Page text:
Superior and inferior flowers: The (a) lily is a superior flower, which has the ovary above the other flower parts. (b) Fuchsia is an inferior flower, which has the ovary beneath other flower parts.

    Male Gametophyte

    The male gametophyte develops and reaches maturity in an immature anther. In a plant’s male reproductive organs, development of pollen takes place in a structure known as the microsporangium. The microsporangia, usually bi-lobed, are pollen sacs in which the microspores develop into pollen grains.

    image

    Microsporangium: Shown is (a) a cross section of an anther at two developmental stages. The immature anther (top) contains four microsporangia, or pollen sacs. Each microsporangium contains hundreds of microspore mother cells that will each give rise to four pollen grains. The tapetum supports the development and maturation of the pollen grains. Upon maturation of the pollen (bottom), the pollen sac walls split open and the pollen grains (male gametophytes) are released. (b) In these scanning electron micrographs, pollen sacs are ready to burst, releasing their grains.

    Within the microsporangium, the microspore mother cell divides by meiosis to give rise to four microspores, each of which will ultimately form a pollen grain. An inner layer of cells, known as the tapetum, provides nutrition to the developing microspores, contributing key components to the pollen wall. Mature pollen grains contain two cells: a generative cell and a pollen tube cell. The generative cell is contained within the larger pollen tube cell. Upon germination, the tube cell forms the pollen tube through which the generative cell migrates to enter the ovary. During its transit inside the pollen tube, the generative cell divides to form two male gametes. Upon maturity, the microsporangia burst, releasing the pollen grains from the anther.

    Each pollen grain has two coverings: the exine (thicker, outer layer) and the intine. The exine contains sporopollenin, a complex waterproofing substance supplied by the tapetal cells. Sporopollenin allows the pollen to survive under unfavorable conditions and to be carried by wind, water, or biological agents without undergoing damage.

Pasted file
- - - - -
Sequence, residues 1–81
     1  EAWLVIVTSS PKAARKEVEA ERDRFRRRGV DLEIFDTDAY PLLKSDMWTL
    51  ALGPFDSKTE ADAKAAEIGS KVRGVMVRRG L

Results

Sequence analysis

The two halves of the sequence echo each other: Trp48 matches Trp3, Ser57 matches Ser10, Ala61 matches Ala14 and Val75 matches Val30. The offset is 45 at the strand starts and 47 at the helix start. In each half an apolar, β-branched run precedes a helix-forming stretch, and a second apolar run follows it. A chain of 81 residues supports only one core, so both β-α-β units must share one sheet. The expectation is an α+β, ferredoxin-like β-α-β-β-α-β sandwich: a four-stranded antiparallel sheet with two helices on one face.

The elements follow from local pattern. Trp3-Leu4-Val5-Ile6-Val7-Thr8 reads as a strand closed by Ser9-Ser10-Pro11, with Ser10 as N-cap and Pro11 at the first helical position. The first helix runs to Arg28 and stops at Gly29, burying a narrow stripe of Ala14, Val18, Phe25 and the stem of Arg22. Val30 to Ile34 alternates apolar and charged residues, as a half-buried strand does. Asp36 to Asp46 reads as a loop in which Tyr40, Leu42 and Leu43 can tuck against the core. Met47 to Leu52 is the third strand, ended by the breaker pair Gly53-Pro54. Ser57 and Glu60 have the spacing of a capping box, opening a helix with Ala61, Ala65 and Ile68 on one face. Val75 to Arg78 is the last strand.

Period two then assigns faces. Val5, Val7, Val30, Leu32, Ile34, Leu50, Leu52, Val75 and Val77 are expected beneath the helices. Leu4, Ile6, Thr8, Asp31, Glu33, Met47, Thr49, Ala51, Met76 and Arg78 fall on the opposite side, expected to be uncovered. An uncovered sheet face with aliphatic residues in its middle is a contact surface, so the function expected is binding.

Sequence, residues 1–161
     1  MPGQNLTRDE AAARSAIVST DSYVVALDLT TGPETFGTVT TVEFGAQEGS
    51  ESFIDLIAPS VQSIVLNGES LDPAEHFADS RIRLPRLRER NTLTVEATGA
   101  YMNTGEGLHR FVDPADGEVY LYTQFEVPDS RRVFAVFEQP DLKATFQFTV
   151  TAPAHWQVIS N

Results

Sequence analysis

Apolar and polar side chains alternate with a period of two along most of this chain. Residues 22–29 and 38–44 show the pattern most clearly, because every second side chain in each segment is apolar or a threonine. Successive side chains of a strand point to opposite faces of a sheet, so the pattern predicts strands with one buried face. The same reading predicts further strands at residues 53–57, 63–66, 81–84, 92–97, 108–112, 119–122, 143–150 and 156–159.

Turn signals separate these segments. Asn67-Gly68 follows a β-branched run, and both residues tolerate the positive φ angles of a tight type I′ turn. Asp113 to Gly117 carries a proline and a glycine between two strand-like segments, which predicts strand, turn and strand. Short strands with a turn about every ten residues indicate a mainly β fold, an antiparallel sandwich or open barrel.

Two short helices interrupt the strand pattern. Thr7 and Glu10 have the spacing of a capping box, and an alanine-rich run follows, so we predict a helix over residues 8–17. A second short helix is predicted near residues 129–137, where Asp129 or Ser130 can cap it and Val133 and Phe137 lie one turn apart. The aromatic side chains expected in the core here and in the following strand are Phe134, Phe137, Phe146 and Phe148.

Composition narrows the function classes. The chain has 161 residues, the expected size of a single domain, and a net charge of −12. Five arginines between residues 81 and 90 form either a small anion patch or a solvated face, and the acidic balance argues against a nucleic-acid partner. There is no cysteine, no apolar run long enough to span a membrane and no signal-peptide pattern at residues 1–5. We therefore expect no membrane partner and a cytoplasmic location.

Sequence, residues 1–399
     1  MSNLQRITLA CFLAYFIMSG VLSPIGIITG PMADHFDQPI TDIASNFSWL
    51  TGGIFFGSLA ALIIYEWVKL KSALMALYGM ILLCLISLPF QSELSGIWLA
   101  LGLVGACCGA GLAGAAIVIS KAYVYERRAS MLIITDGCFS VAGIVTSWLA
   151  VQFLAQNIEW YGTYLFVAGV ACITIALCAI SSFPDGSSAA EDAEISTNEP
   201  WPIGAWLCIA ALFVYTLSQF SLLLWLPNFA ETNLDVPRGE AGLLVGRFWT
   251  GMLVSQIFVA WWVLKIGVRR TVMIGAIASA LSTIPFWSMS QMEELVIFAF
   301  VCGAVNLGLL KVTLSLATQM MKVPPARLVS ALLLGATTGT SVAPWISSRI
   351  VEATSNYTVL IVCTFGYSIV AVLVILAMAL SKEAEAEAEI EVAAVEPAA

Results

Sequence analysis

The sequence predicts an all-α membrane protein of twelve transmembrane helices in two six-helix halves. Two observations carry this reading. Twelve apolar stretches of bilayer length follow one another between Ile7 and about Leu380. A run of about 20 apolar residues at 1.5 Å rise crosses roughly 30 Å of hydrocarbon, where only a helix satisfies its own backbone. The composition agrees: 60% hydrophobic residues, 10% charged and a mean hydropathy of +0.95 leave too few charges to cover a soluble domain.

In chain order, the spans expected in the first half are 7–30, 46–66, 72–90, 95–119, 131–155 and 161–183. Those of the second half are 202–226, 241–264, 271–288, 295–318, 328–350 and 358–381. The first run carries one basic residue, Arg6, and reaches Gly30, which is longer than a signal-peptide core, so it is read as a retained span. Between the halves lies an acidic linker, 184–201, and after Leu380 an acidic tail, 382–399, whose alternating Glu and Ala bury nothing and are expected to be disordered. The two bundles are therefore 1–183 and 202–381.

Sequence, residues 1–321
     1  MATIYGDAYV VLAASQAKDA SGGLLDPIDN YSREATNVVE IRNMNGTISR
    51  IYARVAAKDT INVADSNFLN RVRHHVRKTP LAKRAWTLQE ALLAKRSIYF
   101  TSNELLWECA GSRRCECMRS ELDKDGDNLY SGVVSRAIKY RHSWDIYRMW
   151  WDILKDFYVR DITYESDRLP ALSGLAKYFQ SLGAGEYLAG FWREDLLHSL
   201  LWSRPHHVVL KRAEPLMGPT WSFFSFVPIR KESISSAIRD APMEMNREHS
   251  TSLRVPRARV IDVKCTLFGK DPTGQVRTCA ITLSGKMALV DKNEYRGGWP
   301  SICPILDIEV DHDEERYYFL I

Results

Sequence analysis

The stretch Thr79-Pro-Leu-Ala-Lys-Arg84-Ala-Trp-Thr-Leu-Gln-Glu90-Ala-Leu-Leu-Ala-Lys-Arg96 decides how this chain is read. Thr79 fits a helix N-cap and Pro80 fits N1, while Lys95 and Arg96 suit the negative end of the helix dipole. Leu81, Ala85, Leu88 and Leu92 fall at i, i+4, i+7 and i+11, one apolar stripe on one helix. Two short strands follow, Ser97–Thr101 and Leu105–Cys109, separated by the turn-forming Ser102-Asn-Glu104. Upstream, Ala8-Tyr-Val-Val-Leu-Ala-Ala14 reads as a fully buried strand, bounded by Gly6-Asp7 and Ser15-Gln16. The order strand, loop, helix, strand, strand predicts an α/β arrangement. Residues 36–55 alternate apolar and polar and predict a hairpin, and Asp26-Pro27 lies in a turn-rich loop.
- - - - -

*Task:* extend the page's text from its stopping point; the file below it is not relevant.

image

    Pollen grain structure: Pollen develops from the microspore mother cells. The mature pollen grain is composed of two cells: the pollen tube cell and the generative cell, which is inside the tube cell. The pollen grain has two coverings: an inner layer (intine) and an outer layer (exine). The inset scanning electron micrograph shows Arabidopsis lyrata pollen grains.

    Female Gametophyte (Embryo Sac)

    The overall development of the female gametophyte has two distinct phases. First, in the process of megasporogenesis, a single cell in the diploid megasporangium undergoes meiosis to produce four megaspores, only one of which survives. During the second phase, megagametogenesis, the surviving haploid megaspore undergoes mitosis to produce an eight-nucleate, seven-cell female gametophyte, also known as the megagametophyte, or embryo sac. The polar nuclei move to the equator and fuse, forming a single, diploid central cell. This central cell later fuses with a sperm to form the triploid endosperm. Three nuclei position themselves on the end of the embryo sac opposite the micropyle and develop into the antipodal cells, which later degenerate. The nucleus closest to the micropyle becomes the female gamete, or egg cell, and the two adjacent nuclei develop into synergid cells. The synergids help guide the pollen tube for successful fertilization, after which they disintegrate. Once fertilization is complete, the resulting diploid zygote develops into the embryo; the fertilized ovule forms the other tissues of the seed.

    image

    Embryo sac: As shown in this diagram of the embryo sac in angiosperms, the ovule is covered by integuments and has an opening called a micropyle. Inside the embryo sac are three antipodal cells, two synergids, a central cell, and the egg cell.

    A double-layered integument protects the megasporangium and, later, the embryo sac. The integument will develop into the seed coat after fertilization, protecting the entire seed. The ovule wall will become part of the fruit. The integuments, while protecting the megasporangium, do not enclose it completely, but leave an opening called the micropyle. The micropyle allows the pollen tube to enter the female gametophyte for fertilization.